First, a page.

As I rummaged through the dresser one-handed, I quickly realized that all the 24 month clothing I had prepared for Mark’s arrival were simply not going to work. Nothing inside that dresser was going to fit on his tiny body.
That’s when I recalled that the shirt I had just peeled off him in the bathroom. It was the same shirt I had sent down for him several years ago. It was size 6 months. Having been told over and over again that he was growing well and getting quite large, I had already given away the bulk of the smaller clothing I had. Fortunately, though, I had kept just one tiny outfit on the off-chance that it would be needed. Recalling this, I opened the bottom drawer, grabbed it and headed downstairs.
“What can I do to help?” Jason said rushing over, clearly wanting to help alleviate the load I was currently bearing, both emotionally and physically.
“Could you spread out that towel on the counter and go grab Nate’s soap? I forgot it while I was upstairs,” I said, trying to at the same time to surmise how in the world I was going to approach this new situation with a child I didn’t know.
“What you be doing, Momma?” Nate inquired running up to see what his new brother and I were up to. “Mark be okay? Where be his clothes?”
“Oh, Mark’s just dirty from all that time on the airplanes,” I explained. “It’s time to get him clean.”
Eager to get this whole bathing business over with, I once again attempted to set Mark down. Like a fearful, wounded animal, he began letting out a meager cry while reaching out for me.
“Mark, Mommy’s got to wash you. I’ll be as quick as I can,” I said as reassuringly as I could. This was uncomfortable for me. But it was clearly terrifying for him.
It wasn’t long before Jason returned with a plethora of bath products in hand.
“I didn’t know what you wanted, so I brought it all,” he said a bit breathless.
“Thanks,” I said as I unpacked his arms. “You and Nate might want to go upstairs. He’s probably going to cry…”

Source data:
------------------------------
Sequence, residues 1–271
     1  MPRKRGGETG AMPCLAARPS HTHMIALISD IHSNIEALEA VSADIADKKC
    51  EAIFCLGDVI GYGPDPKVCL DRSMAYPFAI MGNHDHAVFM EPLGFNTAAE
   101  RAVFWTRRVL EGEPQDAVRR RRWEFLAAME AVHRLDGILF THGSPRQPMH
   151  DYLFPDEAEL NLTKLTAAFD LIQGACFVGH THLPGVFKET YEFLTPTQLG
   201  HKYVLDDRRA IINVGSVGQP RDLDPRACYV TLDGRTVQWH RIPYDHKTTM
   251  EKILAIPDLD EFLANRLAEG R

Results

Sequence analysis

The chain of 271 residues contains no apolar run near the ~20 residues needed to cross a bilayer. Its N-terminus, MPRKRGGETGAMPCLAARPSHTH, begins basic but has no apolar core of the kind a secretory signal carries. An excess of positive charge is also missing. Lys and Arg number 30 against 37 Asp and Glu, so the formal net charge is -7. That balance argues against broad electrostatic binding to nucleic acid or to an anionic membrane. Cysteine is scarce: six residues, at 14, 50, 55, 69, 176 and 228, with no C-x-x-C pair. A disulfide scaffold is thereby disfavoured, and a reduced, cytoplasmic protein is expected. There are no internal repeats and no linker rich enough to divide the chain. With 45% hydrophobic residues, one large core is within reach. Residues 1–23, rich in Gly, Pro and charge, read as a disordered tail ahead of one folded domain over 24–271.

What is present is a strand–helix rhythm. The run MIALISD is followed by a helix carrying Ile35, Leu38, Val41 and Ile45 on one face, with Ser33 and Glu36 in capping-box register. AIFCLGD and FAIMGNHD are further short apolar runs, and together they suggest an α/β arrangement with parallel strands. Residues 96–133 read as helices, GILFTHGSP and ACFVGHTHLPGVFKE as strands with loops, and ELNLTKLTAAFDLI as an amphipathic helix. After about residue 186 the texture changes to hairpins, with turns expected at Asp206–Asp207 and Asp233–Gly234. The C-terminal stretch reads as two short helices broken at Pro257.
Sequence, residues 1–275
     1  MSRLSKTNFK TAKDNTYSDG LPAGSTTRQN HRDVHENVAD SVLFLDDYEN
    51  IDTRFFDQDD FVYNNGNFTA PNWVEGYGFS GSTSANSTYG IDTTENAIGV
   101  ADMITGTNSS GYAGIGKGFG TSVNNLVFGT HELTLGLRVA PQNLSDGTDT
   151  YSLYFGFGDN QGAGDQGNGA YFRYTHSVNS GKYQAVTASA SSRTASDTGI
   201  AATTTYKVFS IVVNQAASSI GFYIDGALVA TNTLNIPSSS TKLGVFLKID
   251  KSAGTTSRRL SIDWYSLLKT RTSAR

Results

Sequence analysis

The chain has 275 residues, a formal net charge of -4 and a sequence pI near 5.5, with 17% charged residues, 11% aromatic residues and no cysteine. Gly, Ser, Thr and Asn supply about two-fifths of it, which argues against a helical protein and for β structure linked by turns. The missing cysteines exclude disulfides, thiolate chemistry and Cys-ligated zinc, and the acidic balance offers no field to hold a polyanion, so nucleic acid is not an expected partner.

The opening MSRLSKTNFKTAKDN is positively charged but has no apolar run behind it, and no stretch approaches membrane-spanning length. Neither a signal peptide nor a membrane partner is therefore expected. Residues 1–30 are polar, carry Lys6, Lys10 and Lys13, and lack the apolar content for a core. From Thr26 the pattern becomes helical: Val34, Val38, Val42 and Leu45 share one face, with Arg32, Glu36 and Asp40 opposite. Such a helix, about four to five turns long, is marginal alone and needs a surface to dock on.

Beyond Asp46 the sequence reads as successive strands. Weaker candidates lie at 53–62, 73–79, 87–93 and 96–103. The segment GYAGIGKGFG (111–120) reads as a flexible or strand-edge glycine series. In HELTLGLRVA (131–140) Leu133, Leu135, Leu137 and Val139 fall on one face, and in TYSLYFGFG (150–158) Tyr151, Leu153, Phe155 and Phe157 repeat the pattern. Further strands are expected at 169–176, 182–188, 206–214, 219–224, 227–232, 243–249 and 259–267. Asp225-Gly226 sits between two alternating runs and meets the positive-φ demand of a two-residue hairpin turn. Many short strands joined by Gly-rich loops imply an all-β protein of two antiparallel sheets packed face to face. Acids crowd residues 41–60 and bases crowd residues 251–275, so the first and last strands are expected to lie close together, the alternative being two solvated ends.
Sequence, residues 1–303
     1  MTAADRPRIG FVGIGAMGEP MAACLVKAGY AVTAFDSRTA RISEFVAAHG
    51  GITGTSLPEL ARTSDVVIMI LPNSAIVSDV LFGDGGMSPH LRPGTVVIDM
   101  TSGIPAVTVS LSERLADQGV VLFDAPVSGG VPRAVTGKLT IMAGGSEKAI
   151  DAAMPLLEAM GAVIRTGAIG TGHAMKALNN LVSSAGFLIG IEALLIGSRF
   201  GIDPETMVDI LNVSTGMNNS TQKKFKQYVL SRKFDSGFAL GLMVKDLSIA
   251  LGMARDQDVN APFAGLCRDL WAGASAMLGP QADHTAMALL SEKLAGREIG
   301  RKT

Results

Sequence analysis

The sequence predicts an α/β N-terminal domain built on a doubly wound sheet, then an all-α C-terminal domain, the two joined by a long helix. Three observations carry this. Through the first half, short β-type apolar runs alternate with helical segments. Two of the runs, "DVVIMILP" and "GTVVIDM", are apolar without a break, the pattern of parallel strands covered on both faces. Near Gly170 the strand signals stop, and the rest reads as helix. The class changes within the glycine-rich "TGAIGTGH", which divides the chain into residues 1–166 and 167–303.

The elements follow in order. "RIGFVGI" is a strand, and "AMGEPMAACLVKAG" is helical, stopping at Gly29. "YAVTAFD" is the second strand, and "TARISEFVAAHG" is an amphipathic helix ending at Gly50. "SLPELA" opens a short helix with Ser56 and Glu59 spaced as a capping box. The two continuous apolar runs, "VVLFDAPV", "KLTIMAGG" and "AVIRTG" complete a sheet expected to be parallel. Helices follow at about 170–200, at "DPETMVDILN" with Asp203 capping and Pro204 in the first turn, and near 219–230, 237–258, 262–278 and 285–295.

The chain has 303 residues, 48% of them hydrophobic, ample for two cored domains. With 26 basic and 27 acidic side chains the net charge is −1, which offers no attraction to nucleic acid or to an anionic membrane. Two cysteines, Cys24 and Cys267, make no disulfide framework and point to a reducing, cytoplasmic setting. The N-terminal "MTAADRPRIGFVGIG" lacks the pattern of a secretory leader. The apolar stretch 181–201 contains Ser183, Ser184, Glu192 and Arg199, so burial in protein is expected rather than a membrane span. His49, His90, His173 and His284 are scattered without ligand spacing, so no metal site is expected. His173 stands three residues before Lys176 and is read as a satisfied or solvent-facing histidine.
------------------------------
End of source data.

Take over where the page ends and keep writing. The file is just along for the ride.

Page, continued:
“Just holler if you need anything,” Jason said, eager to escape the inevitable soundtrack that was to follow.
I was right. The next fifteen minutes were filled with screams. Despite my best efforts to coo and calm him, Mark wailed as if I were pulling out his fingernails. I imagine that emotionally that’s probably exactly what it felt like. A complete stranger had just stripped him naked and was scrubbing him clean. Sure, he was finally and forever home. Granted, Jason and I would do all we could to take the very best care of him. But Mark didn’t know that. At the time, being cleaned and cared for was an uncomfortable and scary process. It meant Mark had to be vulnerable.
And sometimes the same is true for us, too.
We have to allow ourselves to be vulnerable enough to drag it all out into the light of day, so that God can transform and make us new. We have to trust that God has our very best interests at heart, even when in the moment it may not entirely—or even remotely—feel good. We have to accept that sometimes the cleaning process isn’t comfortable one, but certainly no less important.
And we know that for those who love God all things work together for good, for those who are called according to his purpose.
Romans 8:28 (ESV)